In Syquia v. Board of Education of Harpursville Cent. School District, 80 NY2d 531 (1992), the courts hearing the challenge to an arbitration decision all believed the determination had to be annulled because one of the panel members had been paid an amount greater than he was statutorily entitled to receive, even though there was not an explicit finding that this violation itself caused petitioner any harm.Summary of this case from In re Smith v. N.Y.C. Dept. of Edu.
Argued November 17, 1992
Decided December 21, 1992
Appeal from the Appellate Division of the Supreme Court in the Third Judicial Department, Joseph Harris, J.
Ball, McDonough Johnson, P.C., Binghamton (Kevin F. McDonough of counsel), for appellant. Ivor R. Moskowitz, Albany, Bernard F. Ashe and Rocco A. Solimando for Susan R. Syquia, respondent.
Petitioner Susan Syquia, a tenured teacher with the Harpursville Central School District, instituted this CPLR article 78 proceeding seeking to annul her dismissal for insubordination. She contends that dismissal cannot stand because respondent Board of Education violated Education Law § 3020-a by paying compensation beyond that authorized by statute to a member of the hearing panel that considered her case. Supreme Court granted her petition to annul, restored her to her tenured position and ordered a new hearing, and the Appellate Division affirmed its order. There should be an affirmance.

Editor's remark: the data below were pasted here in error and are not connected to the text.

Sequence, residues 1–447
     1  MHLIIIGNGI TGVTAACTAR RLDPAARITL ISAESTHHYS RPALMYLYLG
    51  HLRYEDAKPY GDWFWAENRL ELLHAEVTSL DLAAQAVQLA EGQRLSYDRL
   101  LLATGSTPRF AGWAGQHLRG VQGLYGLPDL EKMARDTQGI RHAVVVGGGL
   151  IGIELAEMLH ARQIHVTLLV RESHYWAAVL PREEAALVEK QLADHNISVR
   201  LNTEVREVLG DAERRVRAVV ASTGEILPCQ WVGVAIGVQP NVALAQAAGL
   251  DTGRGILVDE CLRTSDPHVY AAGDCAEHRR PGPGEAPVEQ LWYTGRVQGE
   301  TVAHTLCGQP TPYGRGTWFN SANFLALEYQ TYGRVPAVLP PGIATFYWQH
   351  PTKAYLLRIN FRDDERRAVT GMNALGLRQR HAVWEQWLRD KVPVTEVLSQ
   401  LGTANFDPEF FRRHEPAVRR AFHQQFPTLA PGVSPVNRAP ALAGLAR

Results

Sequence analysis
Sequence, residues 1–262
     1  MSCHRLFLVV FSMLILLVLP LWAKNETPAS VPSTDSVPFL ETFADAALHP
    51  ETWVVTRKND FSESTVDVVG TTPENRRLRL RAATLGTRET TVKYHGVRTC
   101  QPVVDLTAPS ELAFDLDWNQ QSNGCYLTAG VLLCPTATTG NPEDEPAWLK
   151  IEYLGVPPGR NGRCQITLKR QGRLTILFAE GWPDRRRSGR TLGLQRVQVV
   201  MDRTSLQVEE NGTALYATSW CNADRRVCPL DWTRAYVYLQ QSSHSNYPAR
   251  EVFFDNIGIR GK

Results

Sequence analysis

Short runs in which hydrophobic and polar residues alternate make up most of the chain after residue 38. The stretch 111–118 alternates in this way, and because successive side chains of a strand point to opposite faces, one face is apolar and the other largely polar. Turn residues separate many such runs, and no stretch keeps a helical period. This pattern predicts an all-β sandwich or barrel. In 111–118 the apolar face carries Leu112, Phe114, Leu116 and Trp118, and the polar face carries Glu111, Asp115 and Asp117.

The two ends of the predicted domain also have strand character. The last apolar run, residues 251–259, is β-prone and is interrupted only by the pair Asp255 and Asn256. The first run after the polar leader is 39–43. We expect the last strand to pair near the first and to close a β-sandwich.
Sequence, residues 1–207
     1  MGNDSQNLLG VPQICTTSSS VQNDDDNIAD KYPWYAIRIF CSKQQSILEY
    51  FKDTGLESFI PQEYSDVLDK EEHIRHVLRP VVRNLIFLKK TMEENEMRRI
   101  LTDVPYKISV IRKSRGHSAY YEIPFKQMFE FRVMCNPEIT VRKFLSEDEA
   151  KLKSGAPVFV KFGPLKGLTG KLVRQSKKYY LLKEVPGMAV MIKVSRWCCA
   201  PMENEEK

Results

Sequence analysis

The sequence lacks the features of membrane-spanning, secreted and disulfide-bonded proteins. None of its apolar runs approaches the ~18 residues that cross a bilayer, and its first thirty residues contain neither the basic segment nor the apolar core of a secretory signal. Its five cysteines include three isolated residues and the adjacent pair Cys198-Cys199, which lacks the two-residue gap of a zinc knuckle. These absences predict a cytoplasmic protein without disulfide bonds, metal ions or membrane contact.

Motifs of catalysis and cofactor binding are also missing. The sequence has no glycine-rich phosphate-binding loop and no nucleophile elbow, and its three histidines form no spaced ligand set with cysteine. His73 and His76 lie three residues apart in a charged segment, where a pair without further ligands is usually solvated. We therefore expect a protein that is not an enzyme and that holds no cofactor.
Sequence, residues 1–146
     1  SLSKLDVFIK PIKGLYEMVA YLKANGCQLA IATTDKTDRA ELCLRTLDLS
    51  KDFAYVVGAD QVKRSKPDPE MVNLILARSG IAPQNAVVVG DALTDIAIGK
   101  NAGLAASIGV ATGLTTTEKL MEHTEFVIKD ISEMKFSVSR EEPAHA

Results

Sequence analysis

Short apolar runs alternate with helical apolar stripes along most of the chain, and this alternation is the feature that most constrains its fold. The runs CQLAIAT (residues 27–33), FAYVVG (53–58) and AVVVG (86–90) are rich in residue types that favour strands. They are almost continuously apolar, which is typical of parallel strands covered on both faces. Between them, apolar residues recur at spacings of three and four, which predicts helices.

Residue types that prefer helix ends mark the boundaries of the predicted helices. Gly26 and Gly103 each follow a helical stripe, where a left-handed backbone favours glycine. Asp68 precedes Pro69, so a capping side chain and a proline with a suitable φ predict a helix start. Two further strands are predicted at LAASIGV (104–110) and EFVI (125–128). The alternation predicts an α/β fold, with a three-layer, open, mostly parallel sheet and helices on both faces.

In 1985, respondent Board of Education initiated disciplinary charges against petitioner, a teacher with more than 25 years of experience in the district. The charges alleged both incompetency and insubordination. She invoked her right to a hearing on the charges under Education Law § 3020-a. Consistent with the procedure spelled out in the statute, petitioner chose respondent Henry Stafford as a hearing panel member, the Board of Education chose respondent Richard McLean, and the two designees in turn chose William Babiskin to serve as panel chairperson. Between 1985 and 1988, the panel conducted 48 days of hearings. At the conclusion of the proceedings, the panel unanimously found petitioner not guilty of incompetence but, by a 2 to 1 vote, determined that she was guilty of insubordination and recommended her termination. Respondent Stafford dissented, finding petitioner guilty of only a minor charge of insubordination and recommending a lesser penalty than termination. The Board of Education implemented the majority's recommendations and dismissed petitioner.
Three days after the hearing panel issued its determinations, petitioner learned that the Board of Education, in a contravention of Education Law § 3020-a (3) (b), had agreed to pay panel member McLean an additional $100 per day to serve on the panel. The statute expressly sets compensation at $50 per diem for the two nonpresiding members of the panel, a sum which is paid from a fund administered by the Commissioner of Education, not by either party. In addition, Education Law § 3020-a (3) (c) bars from service on the panel anyone who is employed "in the territory under the jurisdiction of the [Board of Education]". Petitioner maintains that McLean was so employed because he received the extra compensation.